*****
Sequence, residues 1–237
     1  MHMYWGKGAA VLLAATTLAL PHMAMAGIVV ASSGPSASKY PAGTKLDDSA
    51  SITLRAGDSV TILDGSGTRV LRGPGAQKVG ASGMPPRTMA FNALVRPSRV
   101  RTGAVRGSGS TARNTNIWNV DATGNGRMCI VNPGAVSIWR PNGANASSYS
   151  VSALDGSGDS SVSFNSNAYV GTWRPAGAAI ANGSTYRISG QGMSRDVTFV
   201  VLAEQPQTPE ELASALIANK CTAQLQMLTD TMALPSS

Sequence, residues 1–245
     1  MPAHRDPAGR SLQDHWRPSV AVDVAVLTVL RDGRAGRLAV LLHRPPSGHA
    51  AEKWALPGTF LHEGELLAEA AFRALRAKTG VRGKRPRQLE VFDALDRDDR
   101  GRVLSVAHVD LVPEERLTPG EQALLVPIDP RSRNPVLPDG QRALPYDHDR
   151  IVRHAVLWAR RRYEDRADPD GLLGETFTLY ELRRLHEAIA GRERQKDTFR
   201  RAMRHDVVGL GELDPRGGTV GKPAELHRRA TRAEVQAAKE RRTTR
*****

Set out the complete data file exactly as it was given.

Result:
Sequence, residues 1–237
     1  MHMYWGKGAA VLLAATTLAL PHMAMAGIVV ASSGPSASKY PAGTKLDDSA
    51  SITLRAGDSV TILDGSGTRV LRGPGAQKVG ASGMPPRTMA FNALVRPSRV
   101  RTGAVRGSGS TARNTNIWNV DATGNGRMCI VNPGAVSIWR PNGANASSYS
   151  VSALDGSGDS SVSFNSNAYV GTWRPAGAAI ANGSTYRISG QGMSRDVTFV
   201  VLAEQPQTPE ELASALIANK CTAQLQMLTD TMALPSS

Sequence, residues 1–245
     1  MPAHRDPAGR SLQDHWRPSV AVDVAVLTVL RDGRAGRLAV LLHRPPSGHA
    51  AEKWALPGTF LHEGELLAEA AFRALRAKTG VRGKRPRQLE VFDALDRDDR
   101  GRVLSVAHVD LVPEERLTPG EQALLVPIDP RSRNPVLPDG QRALPYDHDR
   151  IVRHAVLWAR RRYEDRADPD GLLGETFTLY ELRRLHEAIA GRERQKDTFR
   201  RAMRHDVVGL GELDPRGGTV GKPAELHRRA TRAEVQAAKE RRTTR